How does the Linux Kernel store hardware TX and RX filter modes?

I am working on a C program which gets the timestamping information for a given network interface, like my own version of ethtool. My goal is to get the information printed by $ ethtool -T myNetIf. Something like:

Time stamping parameters for myNetIf:
    hardware-transmit     (SOF_TIMESTAMPING_TX_HARDWARE)
    software-transmit     (SOF_TIMESTAMPING_TX_SOFTWARE)
    hardware-receive      (SOF_TIMESTAMPING_RX_HARDWARE)
    software-receive      (SOF_TIMESTAMPING_RX_SOFTWARE)
    software-system-clock (SOF_TIMESTAMPING_SOFTWARE)
    hardware-raw-clock    (SOF_TIMESTAMPING_RAW_HARDWARE)
PTP Hardware Clock: 0
Hardware Transmit Timestamp Modes:
    off                   (HWTSTAMP_TX_OFF)
    on                    (HWTSTAMP_TX_ON)
Hardware Receive Filter Modes:
    none                  (HWTSTAMP_FILTER_NONE)
    all                   (HWTSTAMP_FILTER_ALL)

Since I don’t want to just scrape the command line output, I have figured out that I can use an ioctl call to query this information from ethtool and get my flags back as an unsigned integer.

struct ifreq ifr;
memset(&ifr, 0, sizeof(struct ifreq));
struct ethtool_ts_info etsi;
memset(&etsi, 0, sizeof(struct ethtool_ts_info));

strncpy(ifr.ifr_name, dev, sizeof(ifr.ifr_name)); // dev is read from stdin
ifr.ifr_data = (void *)&etsi;

ioctl(sock, SIOCETHTOOL, &ifr); // sock is an AF_INET socket

The ethtool_ts_info struct which (I believe) contains the data I want is defined here. Specifically, I grab the so_timestamping, tx_types, and rx_filters fields.

Using the same example interface, the value of so_timestamping is 0x5f, or 0101 1111. A look at net_tstamp.h confirms that these are the expected flags.

My issue, however, is in interpreting the values of tx_types and rx_filters. I assumed that the value of tx_types would be something like 0x3 (0011, where the 3rd bit is HWTSTAMP_TX_ON and the 4th is HWTSTAMP_TX_OFF). Alternatively, since the possible transmit modes are defined in an enum with 4 values, perhaps the result would be 0100, where each int enum value is 2 bits.

This is not the case. The actual value of tx_types is 0x7fdd. How on Earth am I supposed to get "HW_TX_OFF and ON" from 0x7fdd? I find the value of rx_filters even more confusing. What is 0x664758eb supposed to mean?

Besides the kernel source code itself, I haven’t been able to find much helpful information on this. I think I’ve done everything right, I just need some help understanding my results.

Asked By: Robbie


struct ethtool_ts_info etsi;

ifr.ifr_data = (void *)&etsi;

From the kernel documentation for network timesamping, I understand that the ioctl(SIOCSHWTSTAMP) your program calls is supposed to fill some struct of the type hwtstamp_config

having struct hwtstamp_config being defined as :

struct hwtstamp_config {
    int flags;  /* no flags defined right now, must be zero */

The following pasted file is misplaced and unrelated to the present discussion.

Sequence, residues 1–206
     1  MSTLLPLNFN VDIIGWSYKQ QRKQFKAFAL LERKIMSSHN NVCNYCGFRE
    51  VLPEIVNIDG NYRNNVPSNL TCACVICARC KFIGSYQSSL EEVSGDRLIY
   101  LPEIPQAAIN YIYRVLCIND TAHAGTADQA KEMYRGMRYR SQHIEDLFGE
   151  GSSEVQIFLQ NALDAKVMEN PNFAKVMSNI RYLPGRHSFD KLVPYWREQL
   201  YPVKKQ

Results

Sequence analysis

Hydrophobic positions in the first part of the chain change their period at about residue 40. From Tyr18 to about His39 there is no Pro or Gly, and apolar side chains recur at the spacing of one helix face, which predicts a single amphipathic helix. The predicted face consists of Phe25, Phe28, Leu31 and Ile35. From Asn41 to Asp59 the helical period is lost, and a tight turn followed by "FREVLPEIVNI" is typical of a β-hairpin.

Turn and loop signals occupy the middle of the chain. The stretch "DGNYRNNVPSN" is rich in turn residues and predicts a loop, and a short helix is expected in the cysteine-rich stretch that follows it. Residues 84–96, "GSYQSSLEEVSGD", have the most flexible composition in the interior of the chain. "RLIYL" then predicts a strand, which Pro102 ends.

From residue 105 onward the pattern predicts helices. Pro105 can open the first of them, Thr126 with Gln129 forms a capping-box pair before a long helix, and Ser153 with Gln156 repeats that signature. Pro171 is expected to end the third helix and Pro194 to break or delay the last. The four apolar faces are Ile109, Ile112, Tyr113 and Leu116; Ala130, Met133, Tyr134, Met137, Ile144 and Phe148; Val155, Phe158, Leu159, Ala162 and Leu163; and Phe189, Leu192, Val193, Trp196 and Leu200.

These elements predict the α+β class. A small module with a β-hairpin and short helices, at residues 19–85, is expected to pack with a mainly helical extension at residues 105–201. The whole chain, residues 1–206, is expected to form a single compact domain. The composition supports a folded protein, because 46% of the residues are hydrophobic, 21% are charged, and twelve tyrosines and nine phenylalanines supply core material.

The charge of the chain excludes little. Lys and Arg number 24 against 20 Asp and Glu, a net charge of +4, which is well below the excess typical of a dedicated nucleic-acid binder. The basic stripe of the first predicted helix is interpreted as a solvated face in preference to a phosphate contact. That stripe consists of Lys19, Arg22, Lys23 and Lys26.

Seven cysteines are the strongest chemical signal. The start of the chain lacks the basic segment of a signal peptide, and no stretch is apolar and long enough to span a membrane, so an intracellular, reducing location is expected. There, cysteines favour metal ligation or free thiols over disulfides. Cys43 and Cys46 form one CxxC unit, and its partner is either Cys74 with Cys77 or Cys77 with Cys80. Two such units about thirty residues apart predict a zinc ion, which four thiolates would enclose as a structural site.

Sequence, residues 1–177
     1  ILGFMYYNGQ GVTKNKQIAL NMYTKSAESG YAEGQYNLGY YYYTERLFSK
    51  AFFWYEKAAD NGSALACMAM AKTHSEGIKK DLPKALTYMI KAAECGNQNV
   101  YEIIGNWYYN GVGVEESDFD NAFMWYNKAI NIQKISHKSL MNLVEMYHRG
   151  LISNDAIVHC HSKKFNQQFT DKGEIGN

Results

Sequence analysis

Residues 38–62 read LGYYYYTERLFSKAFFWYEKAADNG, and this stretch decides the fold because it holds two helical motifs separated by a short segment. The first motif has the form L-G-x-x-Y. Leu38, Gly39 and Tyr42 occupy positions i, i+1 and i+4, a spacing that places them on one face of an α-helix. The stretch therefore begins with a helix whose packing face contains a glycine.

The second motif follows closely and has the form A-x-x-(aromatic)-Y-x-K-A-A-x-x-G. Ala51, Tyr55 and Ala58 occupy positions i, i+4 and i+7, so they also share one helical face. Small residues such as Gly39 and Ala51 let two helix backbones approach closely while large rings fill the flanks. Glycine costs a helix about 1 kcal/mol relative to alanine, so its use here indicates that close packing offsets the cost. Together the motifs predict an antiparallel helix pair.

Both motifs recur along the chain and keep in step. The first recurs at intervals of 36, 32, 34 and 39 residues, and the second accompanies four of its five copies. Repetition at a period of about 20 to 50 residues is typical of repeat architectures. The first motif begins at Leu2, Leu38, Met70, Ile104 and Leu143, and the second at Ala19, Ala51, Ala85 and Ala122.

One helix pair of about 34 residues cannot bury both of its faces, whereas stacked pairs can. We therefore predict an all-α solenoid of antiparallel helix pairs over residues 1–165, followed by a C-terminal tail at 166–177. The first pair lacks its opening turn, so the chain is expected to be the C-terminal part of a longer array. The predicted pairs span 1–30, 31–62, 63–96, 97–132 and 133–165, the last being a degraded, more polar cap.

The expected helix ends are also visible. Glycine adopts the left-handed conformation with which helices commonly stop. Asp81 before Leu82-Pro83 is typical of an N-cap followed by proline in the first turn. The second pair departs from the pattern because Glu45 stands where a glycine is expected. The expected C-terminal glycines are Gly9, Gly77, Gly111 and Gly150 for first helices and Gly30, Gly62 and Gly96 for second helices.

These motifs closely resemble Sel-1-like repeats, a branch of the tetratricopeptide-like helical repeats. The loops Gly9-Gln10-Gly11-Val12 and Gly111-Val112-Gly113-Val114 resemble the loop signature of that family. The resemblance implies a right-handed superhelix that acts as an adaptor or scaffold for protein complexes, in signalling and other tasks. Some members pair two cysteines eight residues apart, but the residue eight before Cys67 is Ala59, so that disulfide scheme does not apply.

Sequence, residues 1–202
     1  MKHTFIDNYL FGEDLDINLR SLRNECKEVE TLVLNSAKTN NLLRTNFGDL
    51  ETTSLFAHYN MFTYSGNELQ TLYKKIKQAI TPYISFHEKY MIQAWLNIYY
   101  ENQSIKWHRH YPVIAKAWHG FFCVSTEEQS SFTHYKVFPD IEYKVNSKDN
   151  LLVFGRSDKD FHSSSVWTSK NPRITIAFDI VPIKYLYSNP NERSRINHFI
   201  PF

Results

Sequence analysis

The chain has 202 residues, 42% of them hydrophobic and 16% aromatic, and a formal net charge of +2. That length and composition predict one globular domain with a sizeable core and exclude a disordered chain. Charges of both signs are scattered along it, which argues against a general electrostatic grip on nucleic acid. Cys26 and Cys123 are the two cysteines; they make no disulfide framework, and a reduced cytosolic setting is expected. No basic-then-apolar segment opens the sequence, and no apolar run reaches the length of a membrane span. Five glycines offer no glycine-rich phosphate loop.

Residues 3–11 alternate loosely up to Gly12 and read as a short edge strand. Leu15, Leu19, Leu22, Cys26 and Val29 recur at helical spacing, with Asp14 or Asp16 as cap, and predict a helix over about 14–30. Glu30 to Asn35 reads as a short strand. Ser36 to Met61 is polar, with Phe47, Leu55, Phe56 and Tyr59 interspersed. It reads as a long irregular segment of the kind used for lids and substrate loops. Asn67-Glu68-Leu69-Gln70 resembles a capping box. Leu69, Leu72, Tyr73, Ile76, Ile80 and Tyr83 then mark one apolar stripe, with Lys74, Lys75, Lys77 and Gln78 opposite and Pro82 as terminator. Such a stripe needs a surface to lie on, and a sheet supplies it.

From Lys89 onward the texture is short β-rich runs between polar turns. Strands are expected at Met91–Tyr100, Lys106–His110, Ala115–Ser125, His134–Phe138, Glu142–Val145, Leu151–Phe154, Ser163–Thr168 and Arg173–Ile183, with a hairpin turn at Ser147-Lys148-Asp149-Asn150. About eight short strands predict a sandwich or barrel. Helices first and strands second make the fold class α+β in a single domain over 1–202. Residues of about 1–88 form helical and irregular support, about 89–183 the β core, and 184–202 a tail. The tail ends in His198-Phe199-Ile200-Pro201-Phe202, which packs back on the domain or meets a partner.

int tx_type;    /* HWTSTAMP_TX_* */
    int rx_filter;  /* HWTSTAMP_FILTER_* */

Desired behavior is passed into the kernel and to a specific device by
calling ioctl(SIOCSHWTSTAMP) with a pointer to a struct ifreq whose
ifr_data points to a struct hwtstamp_config
… Any process can read
the actual configuration by passing this structure to
ioctl(SIOCGHWTSTAMP) in the same way.

When your program uses the data returned as if it was a struct ethtool_ts_info defined as :

struct ethtool_ts_info {
    __u32   cmd;
    __u32   so_timestamping;
    __s32   phc_index;
    __u32   tx_types;
    __u32   tx_reserved[3];
    __u32   rx_filters;
    __u32   rx_reserved[3];

This implying that the value your program would extract beyond the third int (and in particular tx_types and rx_filters you are interested in) are just, as you reported,… meaningless.
The (configuration iow not capabilities) values for tx_types and rx_filters should be fetched at the second and third int respectively starting from ifr.ifr_data address instead.

In the case, configuration values are not what you are looking for then, ioctl-ing(SIOCGHWTSTAMP) is not the appropriate way to go.

Answered By: MC68020

This is embarrassing: I have reviewed my code and found that I did fail to properly initialize a struct, just not in quite the way I expected. I also didn’t provide the full context needed to solve the problem, since I thought I had ruled out the possibility of junk values left over from before allocation.

The sample code I posted is part of a function which fills out a struct I’ve defined containing the relevant fields of ethtool_ts_info.

typedef struct {
    unsigned int soTimestamping;
    unsigned int txTypes;
    unsigned int rxFilters;
} tsCapsFilters_t;

The user of the function initializes this struct themselves and the function merely populates it. So expected usage looks like this:

tsCapsFilters_t tsInfo; // struct full of junk
if(getTsInfo(nameOfNetIf, &tsInfo, errMsgBuf, ERR_BUF_SZ) < 0) {
    // handle errors in here
printf("%xn", tsInfo.soTimestamping); // struct filled out by getTsInfo

However, the mistake I made was that I forgot to copy tx_types and rx_filters from the ethtool_ts_info struct (internal to my function) to the tsCapsFilters_t struct (given to the user). So my program got all the fields just fine, but it only returned the so_timestamping capabilities when it was supposed to return all 3 values.

printf("%xn", tsInfo.soTimestamping); // printed the expected values
printf("%xn", tsInfo.txTypes); // printed junk
printf("%xn", tsInfo.rxFilters); // printed junk

Like I said, embarrassing. I’ll award the bounty and be more careful with my structs in the future.

Answered By: Robbie